Yellow Trout Lily
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CLASSIFICATION: What’s in a name?
Scientific Name: Erythronium americanum ssp. americanum. The species name, americanum, refers to where it’s found – America!
Common Name: Yellow Trout Lily. What do you see when you look at the leaves? Perhaps you agree that the mottled pattern looks similar to that of a trout? The shape of the flowering shoot as it emerges is said to resemble a tongue, giving us another name for this plant – Adder’s Tongue. Despite not being a violet, it is also called Dog Tooth Violet, referencing the tooth-like shape of the white bulb it grows from.1 Having so many names can get confusing – that’s why scientists prefer to use its scientific name!
Family: Liliaceae (Lily Family) Why do you think scientists place it in this family? What similarities do you notice with other lilies? Plants in the Lily Family are perennials, and usually grow from bulbs, have leaves with parallel veins, have 6 tepals (petal-like structures), 6 stamens, and 3-chambered fruits.2
IDENTIFICATION: What does it look like?
Average Height: up to 8”
Description: A perennial plant that grows in colonies, spreading through horizontal shoots that can grow roots. The green leaves are smooth and mottled with brown and purple and are roughly 2-8” long and ½-2” wide. Immature plants have a single leaf while the mature, flowering plants have two leaves and one flower. The solitary flowers are ½-2” and have 6 yellow tepals (yes, like other lilies!) that are tinged with red on the outside. The flower hangs down toward the ground and the tepals spread and bend backward as the flower matures.1,2,3
Bloom time: Feb – Apr
Notes: It can be distinguished from similar Erythronium umbilicatum ssp. umbilicatum by auricles (“ears”) at the base of petals, a lack of indentation on the ovary or seed capsule, and a slightly later bloom time.2,4‘
LOCATION: Where is it at home?
Range: Found throughout most of the mountains and Piedmont of VA, but infrequent or absent in parts of the Coastal Plain.4 Colonies can be found throughout the Rivanna and James River drainages with one of the best populations in the state found just under four miles upstream from Riverview Park.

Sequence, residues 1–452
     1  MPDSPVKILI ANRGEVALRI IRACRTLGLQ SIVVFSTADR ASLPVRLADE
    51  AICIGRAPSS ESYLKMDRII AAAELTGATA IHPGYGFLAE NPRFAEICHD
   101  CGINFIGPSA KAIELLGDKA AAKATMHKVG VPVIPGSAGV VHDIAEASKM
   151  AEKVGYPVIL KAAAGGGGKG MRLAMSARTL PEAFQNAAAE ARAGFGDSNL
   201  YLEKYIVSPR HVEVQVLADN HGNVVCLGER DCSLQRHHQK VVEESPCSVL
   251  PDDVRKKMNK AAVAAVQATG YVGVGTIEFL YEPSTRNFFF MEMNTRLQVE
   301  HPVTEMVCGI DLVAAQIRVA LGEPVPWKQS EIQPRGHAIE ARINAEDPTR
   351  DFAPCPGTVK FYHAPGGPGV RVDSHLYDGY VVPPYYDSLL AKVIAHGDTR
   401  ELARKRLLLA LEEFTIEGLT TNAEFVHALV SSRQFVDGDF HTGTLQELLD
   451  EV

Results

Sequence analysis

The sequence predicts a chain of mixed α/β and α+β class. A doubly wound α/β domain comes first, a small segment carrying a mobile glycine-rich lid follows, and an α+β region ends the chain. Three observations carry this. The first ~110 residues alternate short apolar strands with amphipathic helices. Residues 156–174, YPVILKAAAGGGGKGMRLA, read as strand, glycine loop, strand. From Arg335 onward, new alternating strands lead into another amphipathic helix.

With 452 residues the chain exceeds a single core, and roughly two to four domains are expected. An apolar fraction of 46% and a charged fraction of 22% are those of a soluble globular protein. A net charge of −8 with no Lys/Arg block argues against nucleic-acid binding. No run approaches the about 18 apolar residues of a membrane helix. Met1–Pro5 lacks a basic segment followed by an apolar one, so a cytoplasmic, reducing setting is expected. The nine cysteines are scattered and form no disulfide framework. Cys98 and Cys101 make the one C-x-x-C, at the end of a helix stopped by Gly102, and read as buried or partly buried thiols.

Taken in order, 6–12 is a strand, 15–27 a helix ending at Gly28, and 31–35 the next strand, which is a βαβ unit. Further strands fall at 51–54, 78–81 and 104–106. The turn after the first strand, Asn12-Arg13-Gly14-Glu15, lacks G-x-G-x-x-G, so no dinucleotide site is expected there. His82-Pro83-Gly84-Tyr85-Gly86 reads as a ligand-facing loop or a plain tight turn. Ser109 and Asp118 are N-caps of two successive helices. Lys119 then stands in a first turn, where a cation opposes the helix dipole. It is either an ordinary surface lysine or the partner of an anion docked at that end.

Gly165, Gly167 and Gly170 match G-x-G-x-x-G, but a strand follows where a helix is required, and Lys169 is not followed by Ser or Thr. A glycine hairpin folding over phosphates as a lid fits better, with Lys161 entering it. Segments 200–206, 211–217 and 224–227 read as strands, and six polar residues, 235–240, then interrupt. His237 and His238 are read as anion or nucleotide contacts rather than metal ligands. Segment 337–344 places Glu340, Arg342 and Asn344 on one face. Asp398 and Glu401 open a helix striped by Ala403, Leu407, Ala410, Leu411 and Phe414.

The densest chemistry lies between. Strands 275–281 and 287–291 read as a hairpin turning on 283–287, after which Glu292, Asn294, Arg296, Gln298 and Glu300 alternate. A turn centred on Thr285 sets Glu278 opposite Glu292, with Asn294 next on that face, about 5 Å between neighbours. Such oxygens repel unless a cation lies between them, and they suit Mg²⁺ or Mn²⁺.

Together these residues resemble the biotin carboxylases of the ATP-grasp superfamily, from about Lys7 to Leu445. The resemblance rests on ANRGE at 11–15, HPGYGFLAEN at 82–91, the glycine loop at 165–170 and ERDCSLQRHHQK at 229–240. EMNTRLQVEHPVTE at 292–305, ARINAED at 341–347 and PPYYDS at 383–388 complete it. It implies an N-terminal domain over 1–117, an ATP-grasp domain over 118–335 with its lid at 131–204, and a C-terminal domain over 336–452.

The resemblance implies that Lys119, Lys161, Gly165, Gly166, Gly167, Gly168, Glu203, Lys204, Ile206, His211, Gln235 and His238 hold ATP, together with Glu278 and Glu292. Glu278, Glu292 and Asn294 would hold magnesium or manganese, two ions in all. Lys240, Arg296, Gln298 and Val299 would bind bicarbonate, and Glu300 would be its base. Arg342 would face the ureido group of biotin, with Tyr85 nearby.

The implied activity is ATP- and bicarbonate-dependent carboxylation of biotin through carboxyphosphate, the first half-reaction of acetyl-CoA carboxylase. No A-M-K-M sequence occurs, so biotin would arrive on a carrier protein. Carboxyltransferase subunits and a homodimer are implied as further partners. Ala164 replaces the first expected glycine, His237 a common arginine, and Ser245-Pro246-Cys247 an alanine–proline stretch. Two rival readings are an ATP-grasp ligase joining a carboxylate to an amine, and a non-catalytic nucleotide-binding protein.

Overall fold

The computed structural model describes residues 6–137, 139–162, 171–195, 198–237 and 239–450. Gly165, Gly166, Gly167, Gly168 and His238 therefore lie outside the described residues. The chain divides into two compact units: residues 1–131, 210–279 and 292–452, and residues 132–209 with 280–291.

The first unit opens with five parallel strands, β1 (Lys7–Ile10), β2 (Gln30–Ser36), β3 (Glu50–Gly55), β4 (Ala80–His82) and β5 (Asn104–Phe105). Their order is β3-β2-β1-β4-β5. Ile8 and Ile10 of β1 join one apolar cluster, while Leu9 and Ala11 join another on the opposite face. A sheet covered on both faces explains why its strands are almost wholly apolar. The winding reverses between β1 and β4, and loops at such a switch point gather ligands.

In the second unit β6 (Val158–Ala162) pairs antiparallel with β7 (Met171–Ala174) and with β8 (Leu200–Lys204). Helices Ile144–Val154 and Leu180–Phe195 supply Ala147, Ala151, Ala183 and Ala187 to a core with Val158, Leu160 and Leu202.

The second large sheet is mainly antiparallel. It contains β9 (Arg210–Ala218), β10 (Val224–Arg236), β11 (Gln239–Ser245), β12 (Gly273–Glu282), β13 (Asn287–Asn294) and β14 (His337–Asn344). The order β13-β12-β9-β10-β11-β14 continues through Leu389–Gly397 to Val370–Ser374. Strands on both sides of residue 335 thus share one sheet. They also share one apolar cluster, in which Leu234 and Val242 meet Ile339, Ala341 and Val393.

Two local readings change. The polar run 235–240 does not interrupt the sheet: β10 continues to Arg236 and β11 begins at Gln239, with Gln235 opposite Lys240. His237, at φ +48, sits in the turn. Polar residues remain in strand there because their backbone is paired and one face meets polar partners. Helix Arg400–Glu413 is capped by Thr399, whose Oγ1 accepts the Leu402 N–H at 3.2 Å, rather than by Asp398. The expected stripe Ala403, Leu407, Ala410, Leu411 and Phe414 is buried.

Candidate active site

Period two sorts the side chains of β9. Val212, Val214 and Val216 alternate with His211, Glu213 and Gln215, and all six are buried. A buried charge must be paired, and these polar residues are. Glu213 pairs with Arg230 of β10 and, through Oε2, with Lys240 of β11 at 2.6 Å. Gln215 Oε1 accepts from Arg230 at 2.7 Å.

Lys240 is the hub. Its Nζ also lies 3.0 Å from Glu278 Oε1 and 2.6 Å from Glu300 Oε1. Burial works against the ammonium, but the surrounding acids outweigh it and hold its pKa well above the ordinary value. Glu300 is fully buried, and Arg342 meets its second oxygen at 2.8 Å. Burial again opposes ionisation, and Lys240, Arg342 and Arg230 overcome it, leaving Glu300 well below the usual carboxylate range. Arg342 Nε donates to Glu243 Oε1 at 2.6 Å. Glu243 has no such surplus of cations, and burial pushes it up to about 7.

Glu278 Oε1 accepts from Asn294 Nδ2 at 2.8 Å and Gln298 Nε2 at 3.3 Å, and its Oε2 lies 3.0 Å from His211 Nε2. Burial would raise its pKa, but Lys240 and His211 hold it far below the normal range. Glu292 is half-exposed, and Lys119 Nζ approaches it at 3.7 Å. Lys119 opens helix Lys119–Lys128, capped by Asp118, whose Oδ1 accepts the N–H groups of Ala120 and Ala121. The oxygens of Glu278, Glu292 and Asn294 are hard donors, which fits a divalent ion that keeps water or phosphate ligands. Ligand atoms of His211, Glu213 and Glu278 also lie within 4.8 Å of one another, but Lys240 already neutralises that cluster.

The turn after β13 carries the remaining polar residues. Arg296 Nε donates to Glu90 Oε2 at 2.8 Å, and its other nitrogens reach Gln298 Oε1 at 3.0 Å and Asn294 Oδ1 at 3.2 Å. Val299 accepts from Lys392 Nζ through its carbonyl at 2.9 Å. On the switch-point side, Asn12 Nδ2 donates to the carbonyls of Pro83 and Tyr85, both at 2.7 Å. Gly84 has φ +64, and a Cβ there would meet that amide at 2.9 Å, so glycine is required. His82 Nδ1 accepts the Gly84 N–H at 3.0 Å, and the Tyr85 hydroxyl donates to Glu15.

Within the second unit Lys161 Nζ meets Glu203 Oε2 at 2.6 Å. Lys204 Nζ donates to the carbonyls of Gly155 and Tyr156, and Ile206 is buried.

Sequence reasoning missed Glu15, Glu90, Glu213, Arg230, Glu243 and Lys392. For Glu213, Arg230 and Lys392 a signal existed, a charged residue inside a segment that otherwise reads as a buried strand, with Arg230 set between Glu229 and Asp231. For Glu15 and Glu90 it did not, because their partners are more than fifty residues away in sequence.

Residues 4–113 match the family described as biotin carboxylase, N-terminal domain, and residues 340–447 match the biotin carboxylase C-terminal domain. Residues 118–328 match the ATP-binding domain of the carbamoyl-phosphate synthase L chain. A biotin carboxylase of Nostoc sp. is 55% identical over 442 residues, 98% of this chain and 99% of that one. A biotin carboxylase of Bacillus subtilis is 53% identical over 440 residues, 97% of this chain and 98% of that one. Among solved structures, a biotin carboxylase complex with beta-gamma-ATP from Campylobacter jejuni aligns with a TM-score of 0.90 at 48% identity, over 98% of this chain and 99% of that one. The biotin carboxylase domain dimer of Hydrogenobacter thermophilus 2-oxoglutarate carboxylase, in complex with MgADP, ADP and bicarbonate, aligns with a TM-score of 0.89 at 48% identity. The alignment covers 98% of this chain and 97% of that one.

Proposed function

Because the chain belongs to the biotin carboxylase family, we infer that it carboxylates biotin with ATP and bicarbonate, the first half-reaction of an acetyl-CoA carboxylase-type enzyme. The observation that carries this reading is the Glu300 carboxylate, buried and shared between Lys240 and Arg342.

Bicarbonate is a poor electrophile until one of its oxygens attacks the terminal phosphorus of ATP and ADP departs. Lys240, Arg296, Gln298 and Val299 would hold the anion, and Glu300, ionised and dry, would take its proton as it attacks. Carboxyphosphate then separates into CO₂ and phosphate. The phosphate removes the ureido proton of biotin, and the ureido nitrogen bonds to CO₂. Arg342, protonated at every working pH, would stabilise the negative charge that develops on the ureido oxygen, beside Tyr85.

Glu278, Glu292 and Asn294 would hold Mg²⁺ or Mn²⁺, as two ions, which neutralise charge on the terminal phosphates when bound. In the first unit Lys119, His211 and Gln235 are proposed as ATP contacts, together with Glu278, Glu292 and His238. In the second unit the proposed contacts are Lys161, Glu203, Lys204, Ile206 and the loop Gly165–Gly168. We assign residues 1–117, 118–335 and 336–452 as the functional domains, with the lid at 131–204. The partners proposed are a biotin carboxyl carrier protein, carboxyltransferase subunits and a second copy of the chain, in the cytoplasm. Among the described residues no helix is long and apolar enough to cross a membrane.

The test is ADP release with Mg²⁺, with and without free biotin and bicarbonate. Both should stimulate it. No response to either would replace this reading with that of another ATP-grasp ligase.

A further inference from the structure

CONNECTIONS: What are its relationships to other plants, animals, and humans?
Flora associations: Often found with a wide array of other spring-blooming wildflowers such as mayapple (Podophyllum peltatum), Virginia bluebell (Mertensia virginica), spring beauty (Claytonia virginica var. virginica), and cut-leaf toothwort (Cardamine concatenata).
Fauna associations: Many types of bees are among the more common visitors to these flowers. In addition to bumblebees and mason bees, mining bees pollinate the flowers. One species, Andrena erythronii, or the trout-lily mining bee, is strongly associated with Erythronium spp., but can also be seen visiting blooms of some other spring ephemerals and flowering trees.3
Erythronium americanum seeds have an attached nutrient-packed ‘elaiosome’–a tasty snack pack evolved to attract ants. These treats are especially attractive to winnow ants (genus Aphaenogaster), some of the most common ants in eastern deciduous forests. While winnow ants collect Erythronium seeds in order to eat the elaiosomes, the ants generally don’t remove them from the seeds until they reach their nest. Once there they commonly discard the elaiosome-stripped seeds in a ‘midden’, the ant colony’s nutrient-rich waste pile, and a perfect place for seed germination.5,6 This strategy of using ants for seed dispersal (formally known as myrmecochory) is common among many other spring ephemerals in our area, including spring beauty (Claytonia virginica), bloodroot (Sanguinaria canadensis), perfoliate bellwort (Uvularia perforliata), and several species of violets (Viola spp.), among others.5
Human associations: Over time, people have found a variety of medicinal and other uses for Erythronium americanum. The Cherokee people make tea to use as a fever reducer and crush the leaves to heal sores.7,8,9 An infusion made of a combination of Erythronium americanum and dwarf ginseng (Panax trifolius) is used to treat fainting.9 They even attract fish by chewing up the leaves and spitting into the water.7,8 The women of the Iroquois people use the plants as a contraceptive and the roots are also used to reduce swelling.8
We want these plants to thrive and for everyone who gets to visit the park to enjoy them, so remember – don’t pick flowers or other parts of the plant!!
Bibliography & Definitions